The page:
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Publication numberUS4011455 A
Publication typeGrant
Application numberUS 05/669,353
Publication dateMar 8, 1977
Filing dateMar 22, 1976
Priority dateApr 4, 1975
Also published asDE2614305A1
Publication number05669353, 669353, US 4011455 A, US 4011455A, US-A-4011455, US4011455 A, US4011455A
InventorsAlan Hugh Waller, Peter Charles Sangway
Original AssigneeCiba-Geigy Ag
Export CitationBiBTeX, EndNote, RefMan
External Links: USPTO, USPTO Assignment, Espacenet
Phosphor screen
US 4011455 A
Abstract
This invention relates to phosphor screens for converting X-rays into visible or near visible radiation. The screens comprise in a fluorescent layer a phosphor mixture which consists of a fluorohalide corresponding to the formula
[Ba.sub.(1-x -y -p) Srx Cay Eup ] F
[Cl.sub.(1-a -b) Bra Ib ] (1)
wherein
y ≦ 0.2
x + y + p ≦ 1
a + b ≦ 1
0.001 ≦ p ≦0.2
Together with calcium tungstate or an oxychalcogenide of the formula
[M.sub.(1-x) Ax ]2 O2 Ch               (2)
wherein M is a rare earth host element, A is a rare earth element different from M and which has an atomic number from 55 to 71, Ch is sulphur, selenium or tellurium and 0.001 ≦ x ≦ 0.2.
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Claims(10)
What we claim is:
1. An X-ray intensifying screen which comprises in a fluorescent layer a phosphor mixture which consists of an alkaline earth fluorohalide activated with divalent europium having the empirical formula
[Ba.sub.(l-x -y -p) Srx Cay Eup ] F [Cl.sub.(l-a -b) Bra Ib ]
where
y ≦ 0.20
x + y + p ≦ l
a + b ≦ l
0.001 ≦ p ≦ 0.20
together with at least one phosphor which is either calcium tungstate or which is a rare earth oxychalcogenide having the formula
[M.sub.(l-x) Ax ]2 O2 Ch
wherein M is at least one rare earth host element, A is an activator which is a rare earth element different from M and which has an atomic number from 59 to 71, Ch is sulphur, selenium or tellurium and 0.001 ≦ x ≦ 0.2.
2. An X-ray intensifying screen according to claim 1 wherein y in the formula of the alkaline earth fluorohalide is 0.
3. An X-ray intensifying screen according to claim 1 which comprises in a fluorescent layer a phosphor mixture which consists of a barium fluorohalide activated with divalent europium having the formula
Ba.sub.(l-p.sbsb.1) FCl(Eup.sbsb.1)
where
0.001 ≦Pl ≦ 0.20
together with at least one phosphor which is either calcium tungstate or which is a rare earth oxychalcogenide having the formula
[M.sub.(l-x) Ax ]2 O2 Ch
wherein M is at least one rare earth host element, A is an activator which is a rare earth element different from M and which has an atomic number from 59 to 71, Ch is sulphur, selenium or tellurium and 0.001 ≦ x ≦ 0.2.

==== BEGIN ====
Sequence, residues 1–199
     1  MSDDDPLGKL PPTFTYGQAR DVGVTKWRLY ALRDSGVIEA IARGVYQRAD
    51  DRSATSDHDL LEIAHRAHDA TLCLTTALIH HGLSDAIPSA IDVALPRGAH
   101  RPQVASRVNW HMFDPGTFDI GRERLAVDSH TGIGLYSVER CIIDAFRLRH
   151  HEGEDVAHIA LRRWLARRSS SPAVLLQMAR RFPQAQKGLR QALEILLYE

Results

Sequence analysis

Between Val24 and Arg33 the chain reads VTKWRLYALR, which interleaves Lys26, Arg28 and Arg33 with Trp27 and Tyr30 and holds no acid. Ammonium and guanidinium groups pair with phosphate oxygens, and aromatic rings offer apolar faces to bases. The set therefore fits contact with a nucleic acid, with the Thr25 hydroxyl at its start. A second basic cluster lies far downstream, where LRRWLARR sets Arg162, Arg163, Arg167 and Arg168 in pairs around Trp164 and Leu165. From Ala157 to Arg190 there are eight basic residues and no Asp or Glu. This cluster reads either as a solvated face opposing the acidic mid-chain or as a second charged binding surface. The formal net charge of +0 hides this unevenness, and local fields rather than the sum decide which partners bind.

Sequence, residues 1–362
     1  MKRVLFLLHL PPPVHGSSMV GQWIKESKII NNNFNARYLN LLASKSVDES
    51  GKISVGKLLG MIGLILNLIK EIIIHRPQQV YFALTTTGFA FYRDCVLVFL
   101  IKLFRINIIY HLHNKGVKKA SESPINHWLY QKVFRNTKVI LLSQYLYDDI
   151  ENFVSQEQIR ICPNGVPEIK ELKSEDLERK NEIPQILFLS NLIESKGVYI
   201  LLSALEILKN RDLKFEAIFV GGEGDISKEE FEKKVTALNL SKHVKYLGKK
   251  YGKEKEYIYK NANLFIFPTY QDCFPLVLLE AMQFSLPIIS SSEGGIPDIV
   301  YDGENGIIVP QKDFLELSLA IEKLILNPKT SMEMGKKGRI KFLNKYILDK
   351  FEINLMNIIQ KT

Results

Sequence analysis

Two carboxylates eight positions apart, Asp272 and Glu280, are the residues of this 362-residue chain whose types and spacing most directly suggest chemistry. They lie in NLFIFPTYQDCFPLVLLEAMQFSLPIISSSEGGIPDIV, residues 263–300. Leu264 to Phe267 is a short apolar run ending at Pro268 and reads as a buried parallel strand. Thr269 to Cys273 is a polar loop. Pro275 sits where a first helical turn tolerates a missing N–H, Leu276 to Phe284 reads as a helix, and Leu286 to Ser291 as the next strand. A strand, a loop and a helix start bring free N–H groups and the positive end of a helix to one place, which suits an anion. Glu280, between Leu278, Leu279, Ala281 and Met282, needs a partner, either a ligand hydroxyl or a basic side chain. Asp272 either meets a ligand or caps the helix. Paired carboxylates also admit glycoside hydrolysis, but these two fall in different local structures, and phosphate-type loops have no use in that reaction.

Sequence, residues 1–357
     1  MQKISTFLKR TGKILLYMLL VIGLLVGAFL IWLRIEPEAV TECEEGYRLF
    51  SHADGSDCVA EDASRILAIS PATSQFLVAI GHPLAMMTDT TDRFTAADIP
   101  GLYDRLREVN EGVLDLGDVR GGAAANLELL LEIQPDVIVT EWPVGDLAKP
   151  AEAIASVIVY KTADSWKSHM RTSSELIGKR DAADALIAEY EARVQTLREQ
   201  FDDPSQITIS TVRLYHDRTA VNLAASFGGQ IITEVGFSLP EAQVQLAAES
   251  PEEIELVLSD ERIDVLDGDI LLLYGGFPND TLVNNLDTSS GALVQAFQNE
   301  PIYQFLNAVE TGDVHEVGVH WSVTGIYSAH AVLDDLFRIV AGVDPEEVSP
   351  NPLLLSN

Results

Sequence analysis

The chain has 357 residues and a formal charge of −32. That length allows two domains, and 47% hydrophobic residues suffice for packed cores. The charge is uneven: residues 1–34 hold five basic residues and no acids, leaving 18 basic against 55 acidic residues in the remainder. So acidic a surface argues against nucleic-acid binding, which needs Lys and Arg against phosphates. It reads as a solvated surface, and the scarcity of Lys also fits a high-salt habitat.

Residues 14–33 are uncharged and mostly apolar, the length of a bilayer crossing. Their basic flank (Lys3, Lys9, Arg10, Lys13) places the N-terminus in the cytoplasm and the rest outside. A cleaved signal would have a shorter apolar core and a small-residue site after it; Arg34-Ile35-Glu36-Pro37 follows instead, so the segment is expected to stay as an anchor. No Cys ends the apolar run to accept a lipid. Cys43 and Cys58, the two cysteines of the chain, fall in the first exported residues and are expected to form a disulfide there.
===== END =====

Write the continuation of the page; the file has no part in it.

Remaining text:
4. An X-ray intensifying screen according to claim 3 where 0.02 ≦ p ≦ 0.05.
5. An X-ray intensifying screen according to claim 1 wherein M is lanthanum, gadolinium, yttrium or lutetium.
6. An X-ray intensifying screen according to claim 1 where in the formula of the rare earth oxychalogenide as defined in claim 1 A represents praeseodymium, europium, dyprosium, ytterbium, terbium, samarium or thulium.
7. An X-ray intensifying screen according to claim 1 where in the formula of the rare earth oxychalogenide as defined in claim 1 Ch represents sulphur.
8. An X-ray intensifying screen according to claim 1 which comprises a phosphor mixture which consists of barium fluorchloride containing a small amount of europium as activator and which has the formula
BaFCL(Eu)
together with either gadolinium oxysulphide containing a small amount of terbium as activator and which has the formula
Gd2 O2 S(Tb)
or yttrium oxysulphide containing a small amount of terbium as activator and which has the formula
Y2 O2 S(Tb).
9. An X-ray intensifying screen according to claim 1 which comprises a dimensionally stable support base there being present thereon in order a light reflecting layer (optional), a fluorescent layer which comprises in a binder a phosphor mixture as defined in claim 1 and a protective layer.
10. An X-ray intensifying screen according to claim 9 wherein the coating weight of the mixed phosphors in the fluorescent layer is from 2- 20 g/dm2.
Description

Screens which convert X-rays to visible or near visible radiation are of particular use in radiography in which patients are exposed to X-radiation which is then converted to light by a phosphor intensifying screen. An X-ray film is exposed to the light emitted by the intensifying screen. The X-ray film yields after development an X-ray picture of the exposed portion of the patient. In recent years it has been realised that patients should be exposed to as little X-radiation as possible because exposure to X-rays can cause organic damage in the tissues of the patient.